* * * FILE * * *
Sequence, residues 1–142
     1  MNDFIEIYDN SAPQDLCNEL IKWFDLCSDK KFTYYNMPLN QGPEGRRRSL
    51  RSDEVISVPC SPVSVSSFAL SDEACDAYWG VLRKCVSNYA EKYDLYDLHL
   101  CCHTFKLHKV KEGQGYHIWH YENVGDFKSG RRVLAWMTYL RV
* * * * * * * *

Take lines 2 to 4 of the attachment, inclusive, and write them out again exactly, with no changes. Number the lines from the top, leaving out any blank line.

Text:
     1  MNDFIEIYDN SAPQDLCNEL IKWFDLCSDK KFTYYNMPLN QGPEGRRRSL
    51  RSDEVISVPC SPVSVSSFAL SDEACDAYWG VLRKCVSNYA EKYDLYDLHL
   101  CCHTFKLHKV KEGQGYHIWH YENVGDFKSG RRVLAWMTYL RV